- Try to align your research topic with the main focus of your research lab and your advisor. This will make your experience more fulfilling. Going off on a tangent can get you lost.
- If you follow up on your interests even after grad school, you can end up with an applied research position in some of the industry labs 4~5 years down the road even without a PhD. ( if that is your aim )
- Having a good rapport with your advisor or other senior PhD student/post-doc you are working with is most important. Without this everything else futile.
Few other points about choosing schools and professors –
- Choose school over professors. Better schools invariably have a good supply of sufficiently good profs, might not be a top prof but still it will give a lot of options if you want to switch specialization/prof etc..
- Also the top profs in mediocre schools are usually grumpy and unhappy that they do not have access to a better talent pool . Which makes them hard to work with, which in turn makes it all the more difficult for you. This happened a lot in the lab I was working in.
- I usually tend to work better when the environment is competitive( in a healthy way), and the subject is challenging and deep. If the task is easy/boring I tend to slack off and perform worse. I did not feel excited at the prospect of working in the lab I was involved in.
Other references related to grad education –
These stories are true in a weird way –
I started reading and following Indian Politics extensively in my third year of engineering. I read from a lot of sources and followed the writings of a lot of people. One of the most influential people was Rajesh Jain, a Pune based businessman, and his blog Emergic was very good. Over the past year I have reduced significantly the amount of news and op-eds that I read, and hence this blog has also been more or less dead. But recently I came across this four part series from Rajesh Jain and Jaykrishnan Nair( Varnam), about the future of Economic prosperity in India and about Rewriting Indian history by the above two people respectively. As they are two people whose opinions I value a lot, I thought I should archive those articles somewhere for future reference-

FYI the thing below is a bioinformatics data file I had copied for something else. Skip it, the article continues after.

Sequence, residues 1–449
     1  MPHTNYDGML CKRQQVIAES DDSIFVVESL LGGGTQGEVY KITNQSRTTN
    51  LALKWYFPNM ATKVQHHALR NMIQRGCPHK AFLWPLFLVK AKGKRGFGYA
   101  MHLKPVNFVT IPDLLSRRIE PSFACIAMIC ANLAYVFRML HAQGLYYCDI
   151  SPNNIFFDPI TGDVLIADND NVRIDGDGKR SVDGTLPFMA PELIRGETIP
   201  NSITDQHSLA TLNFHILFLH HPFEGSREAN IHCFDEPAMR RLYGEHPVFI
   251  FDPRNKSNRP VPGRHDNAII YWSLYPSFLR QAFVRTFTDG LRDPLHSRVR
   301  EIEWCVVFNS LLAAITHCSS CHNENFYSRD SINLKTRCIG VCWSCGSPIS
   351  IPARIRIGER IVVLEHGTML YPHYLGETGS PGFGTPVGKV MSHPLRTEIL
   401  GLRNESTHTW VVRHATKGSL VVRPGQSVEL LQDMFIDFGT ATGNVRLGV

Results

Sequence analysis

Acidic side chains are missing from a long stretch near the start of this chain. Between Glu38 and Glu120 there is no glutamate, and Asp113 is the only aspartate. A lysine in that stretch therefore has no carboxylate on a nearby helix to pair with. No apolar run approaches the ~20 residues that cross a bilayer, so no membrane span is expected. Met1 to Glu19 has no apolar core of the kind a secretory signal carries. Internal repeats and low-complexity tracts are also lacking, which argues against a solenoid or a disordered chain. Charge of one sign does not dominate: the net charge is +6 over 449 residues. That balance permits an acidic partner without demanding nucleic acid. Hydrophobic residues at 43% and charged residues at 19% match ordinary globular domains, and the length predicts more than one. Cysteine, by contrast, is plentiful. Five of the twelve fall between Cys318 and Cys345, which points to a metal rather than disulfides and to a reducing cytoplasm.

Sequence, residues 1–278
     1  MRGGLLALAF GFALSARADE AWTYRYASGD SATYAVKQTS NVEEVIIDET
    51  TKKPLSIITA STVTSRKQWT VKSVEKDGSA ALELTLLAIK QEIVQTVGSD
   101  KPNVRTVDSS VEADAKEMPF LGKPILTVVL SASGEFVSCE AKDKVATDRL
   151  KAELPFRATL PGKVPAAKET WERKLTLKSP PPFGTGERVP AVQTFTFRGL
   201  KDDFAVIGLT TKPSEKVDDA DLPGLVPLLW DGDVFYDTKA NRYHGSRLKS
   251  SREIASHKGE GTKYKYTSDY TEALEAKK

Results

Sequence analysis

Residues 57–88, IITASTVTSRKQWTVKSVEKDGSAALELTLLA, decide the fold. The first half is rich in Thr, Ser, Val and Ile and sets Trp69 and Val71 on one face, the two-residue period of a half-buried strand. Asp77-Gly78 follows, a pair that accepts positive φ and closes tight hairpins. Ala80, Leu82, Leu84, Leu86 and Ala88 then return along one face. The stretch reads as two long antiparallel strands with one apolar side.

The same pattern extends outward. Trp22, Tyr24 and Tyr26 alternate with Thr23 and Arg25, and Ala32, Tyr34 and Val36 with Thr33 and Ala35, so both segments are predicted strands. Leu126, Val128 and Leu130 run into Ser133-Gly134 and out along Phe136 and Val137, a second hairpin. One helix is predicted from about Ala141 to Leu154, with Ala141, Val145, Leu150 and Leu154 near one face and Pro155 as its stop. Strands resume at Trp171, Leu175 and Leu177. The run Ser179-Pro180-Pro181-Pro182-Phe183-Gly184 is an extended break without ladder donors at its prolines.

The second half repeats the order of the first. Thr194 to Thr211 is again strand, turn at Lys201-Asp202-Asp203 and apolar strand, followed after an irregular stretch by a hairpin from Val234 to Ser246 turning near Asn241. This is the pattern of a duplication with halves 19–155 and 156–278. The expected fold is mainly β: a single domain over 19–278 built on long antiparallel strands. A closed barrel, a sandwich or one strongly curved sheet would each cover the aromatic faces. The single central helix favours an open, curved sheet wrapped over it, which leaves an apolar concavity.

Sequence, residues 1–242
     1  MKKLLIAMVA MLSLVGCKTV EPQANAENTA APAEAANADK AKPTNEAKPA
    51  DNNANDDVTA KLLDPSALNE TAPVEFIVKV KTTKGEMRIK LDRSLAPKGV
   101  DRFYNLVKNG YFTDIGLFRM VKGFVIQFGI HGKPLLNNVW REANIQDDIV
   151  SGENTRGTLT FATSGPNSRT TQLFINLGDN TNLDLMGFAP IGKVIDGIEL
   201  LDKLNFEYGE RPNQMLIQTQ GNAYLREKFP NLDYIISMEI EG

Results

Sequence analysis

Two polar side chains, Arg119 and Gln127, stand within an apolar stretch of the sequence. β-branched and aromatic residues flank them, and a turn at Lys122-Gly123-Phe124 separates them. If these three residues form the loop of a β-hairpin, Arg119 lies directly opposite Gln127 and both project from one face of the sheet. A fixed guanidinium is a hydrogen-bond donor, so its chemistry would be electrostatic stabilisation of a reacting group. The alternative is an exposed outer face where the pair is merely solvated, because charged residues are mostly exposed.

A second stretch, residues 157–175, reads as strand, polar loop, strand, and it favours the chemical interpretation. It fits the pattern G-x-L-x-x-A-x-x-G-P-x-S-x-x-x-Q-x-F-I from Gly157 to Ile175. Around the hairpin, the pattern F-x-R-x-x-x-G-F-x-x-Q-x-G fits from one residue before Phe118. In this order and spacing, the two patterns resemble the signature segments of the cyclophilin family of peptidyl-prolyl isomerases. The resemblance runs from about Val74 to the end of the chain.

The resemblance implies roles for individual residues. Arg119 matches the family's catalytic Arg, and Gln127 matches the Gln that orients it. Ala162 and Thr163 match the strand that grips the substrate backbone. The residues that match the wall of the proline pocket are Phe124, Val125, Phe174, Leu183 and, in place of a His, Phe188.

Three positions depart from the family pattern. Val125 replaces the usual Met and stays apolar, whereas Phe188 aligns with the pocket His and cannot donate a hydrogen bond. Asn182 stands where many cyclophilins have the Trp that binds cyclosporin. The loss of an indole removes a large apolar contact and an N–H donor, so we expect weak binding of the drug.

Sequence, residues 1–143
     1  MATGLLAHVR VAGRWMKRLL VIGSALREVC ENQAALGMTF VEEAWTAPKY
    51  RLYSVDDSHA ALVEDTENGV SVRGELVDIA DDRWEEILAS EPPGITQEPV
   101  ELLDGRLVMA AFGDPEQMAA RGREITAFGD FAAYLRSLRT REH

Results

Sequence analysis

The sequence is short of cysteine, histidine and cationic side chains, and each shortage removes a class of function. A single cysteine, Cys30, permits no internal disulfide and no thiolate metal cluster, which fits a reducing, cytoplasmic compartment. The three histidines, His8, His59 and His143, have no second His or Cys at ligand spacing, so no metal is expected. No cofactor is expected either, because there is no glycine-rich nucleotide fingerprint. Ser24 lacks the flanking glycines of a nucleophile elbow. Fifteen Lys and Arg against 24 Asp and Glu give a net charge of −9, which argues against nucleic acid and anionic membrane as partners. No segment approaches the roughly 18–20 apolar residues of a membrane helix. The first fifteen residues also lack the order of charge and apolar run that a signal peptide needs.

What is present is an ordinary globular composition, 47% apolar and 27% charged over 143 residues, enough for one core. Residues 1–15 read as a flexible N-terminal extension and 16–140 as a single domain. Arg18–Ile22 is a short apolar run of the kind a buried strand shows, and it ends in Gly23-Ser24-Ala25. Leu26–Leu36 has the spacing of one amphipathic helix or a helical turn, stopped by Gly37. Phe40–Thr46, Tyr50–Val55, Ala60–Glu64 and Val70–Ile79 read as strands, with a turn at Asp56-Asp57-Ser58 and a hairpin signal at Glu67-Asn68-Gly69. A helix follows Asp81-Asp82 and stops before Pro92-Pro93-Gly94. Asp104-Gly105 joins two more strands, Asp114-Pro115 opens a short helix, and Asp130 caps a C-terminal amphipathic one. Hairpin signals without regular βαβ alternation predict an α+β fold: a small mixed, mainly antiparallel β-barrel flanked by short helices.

What is the difference between an M.Tech from an IIT and an M.S. from a top 50 US university for computer science?
This post was very good and relevant to many things I have to say about the Indian education system, so I thought I would cross post it onto my blog –
Answer by Shubham Mukherjee:
Recently came across an update from Inside IIT Facebook page () :
This short story is the perfect fit here and for so many other questions here on Quora. I am sure many of us can relate ..
Consider two students. One, Raj, is a financially well-off kid of above average smartness, and the other, Hari is your typical genius. Hari toils it out to get into the IIT, and by virtue of his intelligence does some outstanding preparation. Raj frankly doesn’t have the same academic caliber. He does well in his board examinations, but knows he’s not on the same level as Hari. He does the best thing he can – he decides to apply abroad, to the US. Hari, frankly, thinks Raj is taking the easy way out, and because he can’t afford to go abroad, continues focusing on the IIT. Come exam season, it turns out that Hari comes 7th in the IIT. He is ecstatic. Like every other single digit ranker, he decides to do Computer Science at IIT Delhi. Meanwhile, Raj is also ecstatic that he made it to Carnegie Mellon in the US, to do Computer Science. He knows he didn’t really have to work really hard, but he is very pleased.
Fast forward 4 years in the future.